2012 Conference Schedule

Session Time: Friday Session A: 10:00-11:15

Whither the Prosumer?: The Creative Economy and Emerging Forms of Scholarly Communication

Room: Tompkins 123 Session Time: Friday Session A: 10:00-11:15 Session Type: Panel Presentation

Congresswoman Marsha Blackburn describes U.S. citizens as Internet “consumers,” separating these consumers from the “creative economy.” She repeatedly uses this binary to distinguish the people who use the Internet from those who create its content. This illustrates a failure to recognize prosumers, those who simultaneously create and access the Internet. The panel will examine prosumption from perspectives ranging from the attention economy to social communities to digital scholarly communication.

Speaker 1: Context-Providers in an Attention Economy
Speaker 2: Folksonomy as Gift: Motivations for Social Tagging
Speaker 3: Working in the Bubble Factory: Prosumer Humanists and Scholarshift
Speaker 4: Prosumers and Algorithmic Truth

Tags: Collaboration, Digital Scholarship, Multimodal Composition

Session Time: Friday Session B: 11:30-12:45

Building Classroom archiTEXTure in Tough Economic Times: Deploying 21st Century Writing

Room: Tompkins 126 Session Time: Friday Session B: 11:30-12:45 Session Type: Roundtable
Tags: Collaboration, Digital Scholarship, Multimodal Composition

Structural and Expressive Foundations in Multimedia Authoring

Room: Tompkins 129 Session Time: Friday Session B: 11:30-12:45 Session Type: Panel Presentation

This panel maps the “architextual” foundations of multimedia practices in a series of introductory courses entitled IML 140: Workshop in Multimedia Authoring at  the University of Southern California’s Institute for Multimedia Literacy (IML). Housed in the School of Cinematic Arts, the IML approach is premised on the notion that students must be able to not only read and write words, but to use and critique images, sound, typography, design, networks and other media-based tools. As such, this course provides the foundation for the IML’s Minor in Digital Studies, as well as the Honors in Multimedia Scholarship Program.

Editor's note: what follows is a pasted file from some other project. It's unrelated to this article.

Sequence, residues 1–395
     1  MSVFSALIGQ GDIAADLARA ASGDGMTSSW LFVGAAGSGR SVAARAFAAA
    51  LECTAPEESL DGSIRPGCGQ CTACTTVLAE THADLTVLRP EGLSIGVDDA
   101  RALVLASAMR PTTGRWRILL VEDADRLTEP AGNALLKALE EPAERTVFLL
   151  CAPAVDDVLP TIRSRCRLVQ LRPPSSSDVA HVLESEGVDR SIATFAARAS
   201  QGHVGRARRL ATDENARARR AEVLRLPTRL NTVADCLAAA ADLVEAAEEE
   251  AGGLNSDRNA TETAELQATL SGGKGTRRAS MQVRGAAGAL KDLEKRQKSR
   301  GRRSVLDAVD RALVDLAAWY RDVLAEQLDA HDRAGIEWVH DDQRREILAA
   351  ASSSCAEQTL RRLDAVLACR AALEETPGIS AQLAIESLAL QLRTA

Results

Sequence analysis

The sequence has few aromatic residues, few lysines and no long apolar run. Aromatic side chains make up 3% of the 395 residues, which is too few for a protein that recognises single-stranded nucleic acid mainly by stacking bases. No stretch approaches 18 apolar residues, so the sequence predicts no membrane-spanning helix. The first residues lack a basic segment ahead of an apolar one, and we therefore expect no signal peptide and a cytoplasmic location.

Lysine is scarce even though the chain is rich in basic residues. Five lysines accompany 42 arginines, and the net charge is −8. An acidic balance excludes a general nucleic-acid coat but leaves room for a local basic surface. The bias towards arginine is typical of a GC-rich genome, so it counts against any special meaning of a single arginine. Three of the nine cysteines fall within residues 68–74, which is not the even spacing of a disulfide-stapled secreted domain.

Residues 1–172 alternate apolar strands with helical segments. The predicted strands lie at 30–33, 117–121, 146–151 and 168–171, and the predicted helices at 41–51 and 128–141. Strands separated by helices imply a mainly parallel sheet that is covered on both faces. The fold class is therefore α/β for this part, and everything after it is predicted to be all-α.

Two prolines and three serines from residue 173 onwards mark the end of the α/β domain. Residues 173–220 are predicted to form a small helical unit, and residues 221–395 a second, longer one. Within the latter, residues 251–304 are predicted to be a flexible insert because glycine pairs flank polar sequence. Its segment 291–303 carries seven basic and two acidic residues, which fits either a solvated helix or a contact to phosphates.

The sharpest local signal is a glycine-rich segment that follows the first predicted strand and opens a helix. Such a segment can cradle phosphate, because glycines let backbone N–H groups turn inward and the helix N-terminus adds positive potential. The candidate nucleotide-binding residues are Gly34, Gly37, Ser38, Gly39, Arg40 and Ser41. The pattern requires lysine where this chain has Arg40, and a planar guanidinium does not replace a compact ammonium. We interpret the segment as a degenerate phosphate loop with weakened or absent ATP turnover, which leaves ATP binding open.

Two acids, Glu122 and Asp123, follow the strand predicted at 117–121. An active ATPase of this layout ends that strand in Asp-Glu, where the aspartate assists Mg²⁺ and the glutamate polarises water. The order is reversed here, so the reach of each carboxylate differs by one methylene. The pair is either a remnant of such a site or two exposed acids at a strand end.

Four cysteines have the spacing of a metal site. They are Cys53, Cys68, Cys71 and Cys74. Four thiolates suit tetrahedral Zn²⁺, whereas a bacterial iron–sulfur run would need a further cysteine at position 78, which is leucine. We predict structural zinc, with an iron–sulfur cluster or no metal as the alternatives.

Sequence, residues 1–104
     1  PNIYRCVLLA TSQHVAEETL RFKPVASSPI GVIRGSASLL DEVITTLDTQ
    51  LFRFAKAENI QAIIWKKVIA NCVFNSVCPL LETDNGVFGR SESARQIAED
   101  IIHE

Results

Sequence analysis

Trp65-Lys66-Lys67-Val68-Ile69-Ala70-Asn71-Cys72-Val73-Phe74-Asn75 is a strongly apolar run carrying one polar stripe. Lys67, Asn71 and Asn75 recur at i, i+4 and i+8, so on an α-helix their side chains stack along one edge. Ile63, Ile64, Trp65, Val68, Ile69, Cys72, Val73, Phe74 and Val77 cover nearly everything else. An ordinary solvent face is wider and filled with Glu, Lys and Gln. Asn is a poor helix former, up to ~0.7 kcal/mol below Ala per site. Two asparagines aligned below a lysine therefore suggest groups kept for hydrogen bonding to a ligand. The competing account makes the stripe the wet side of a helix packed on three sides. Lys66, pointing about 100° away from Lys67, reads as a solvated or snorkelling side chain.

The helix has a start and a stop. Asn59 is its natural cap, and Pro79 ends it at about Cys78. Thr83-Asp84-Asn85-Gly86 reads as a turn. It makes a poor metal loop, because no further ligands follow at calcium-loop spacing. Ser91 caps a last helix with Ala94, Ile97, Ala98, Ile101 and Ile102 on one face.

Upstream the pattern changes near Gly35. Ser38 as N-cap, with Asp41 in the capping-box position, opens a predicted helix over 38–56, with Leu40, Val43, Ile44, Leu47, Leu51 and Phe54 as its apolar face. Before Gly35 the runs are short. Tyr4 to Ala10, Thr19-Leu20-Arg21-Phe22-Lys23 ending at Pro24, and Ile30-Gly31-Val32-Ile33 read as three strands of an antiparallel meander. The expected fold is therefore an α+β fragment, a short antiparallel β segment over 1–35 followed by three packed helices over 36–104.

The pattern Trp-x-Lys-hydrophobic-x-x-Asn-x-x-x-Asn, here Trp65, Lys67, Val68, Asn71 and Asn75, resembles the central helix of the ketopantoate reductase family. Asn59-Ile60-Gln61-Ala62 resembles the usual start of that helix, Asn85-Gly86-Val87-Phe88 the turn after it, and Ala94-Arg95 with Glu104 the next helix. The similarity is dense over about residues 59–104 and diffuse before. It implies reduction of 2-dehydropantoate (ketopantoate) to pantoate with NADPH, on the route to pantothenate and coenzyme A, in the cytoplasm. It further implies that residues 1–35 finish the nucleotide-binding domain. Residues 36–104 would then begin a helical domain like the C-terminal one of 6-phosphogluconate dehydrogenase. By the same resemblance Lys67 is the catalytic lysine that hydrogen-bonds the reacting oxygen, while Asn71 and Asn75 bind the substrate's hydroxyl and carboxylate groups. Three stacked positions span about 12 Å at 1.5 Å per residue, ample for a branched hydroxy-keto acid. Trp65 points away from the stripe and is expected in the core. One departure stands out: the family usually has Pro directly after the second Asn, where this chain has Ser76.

Tags: Digital Scholarship, Multimodal Composition, Pedagogy

Session Time: Friday Session C: 2:45-4:00

ArchiTEXTure of Invention in Two Writing Centers: New Media and the Multimodal Invention Process

Room: Tompkins 126 Session Time: Friday Session C: 2:45-4:00 Session Type: Panel Presentation

We explore in what ways the invention process of video composition may be different from that of traditional written texts. Pressing questions include:
What ways can we think about invention processes and visual semiotics? How can we encourage students to become inventive through visual conceptualizations?
What is the role of architecture in the invention process of new media products? What meaning does the physical space of interaction have in new media invention?

Tags: Digital Scholarship, Multiliteracies, Multimodal Composition

Session Time: Friday Session D: 4:15-5:30

Catalysts and Cataclysms: Personal, Institutional, Pedagogical Narratives of the Digital Text

Room: Tompkins 112 Session Time: Friday Session D: 4:15-5:30 Session Type: Panel Presentation

As panelists, we use personal and scholarly narrative and multi-media performance to explore how the underpinnings of “writing” shift in the production of digital texts. Collectively, we argue for a wider affective and non-discursive (Murray) rhetorical lens for theorizing the production of digital scholarly texts and digital writing assignments.  It is our goal to challenge our audience, as we challenge ourselves and our students, to understand the production of digital texts as a series of generative leaps, rather than as a flow, from text to the screen.

Tags: Digital Scholarship, Multiliteracies, Writing Studies

University Architextures: Composing Student and Faculty Identities as Digital Writers and Scholars

Room: Tompkins G112 Session Time: Friday Session D: 4:15-5:30 Session Type: Panel Presentation

These three speakers will discuss how the design and implementation of a digital writing space, a programmatic writing requirement, and a long-term research initiative at their medium-sized comprehensive liberal arts institution have contributed to students’ and faculty development as digital writers and scholars.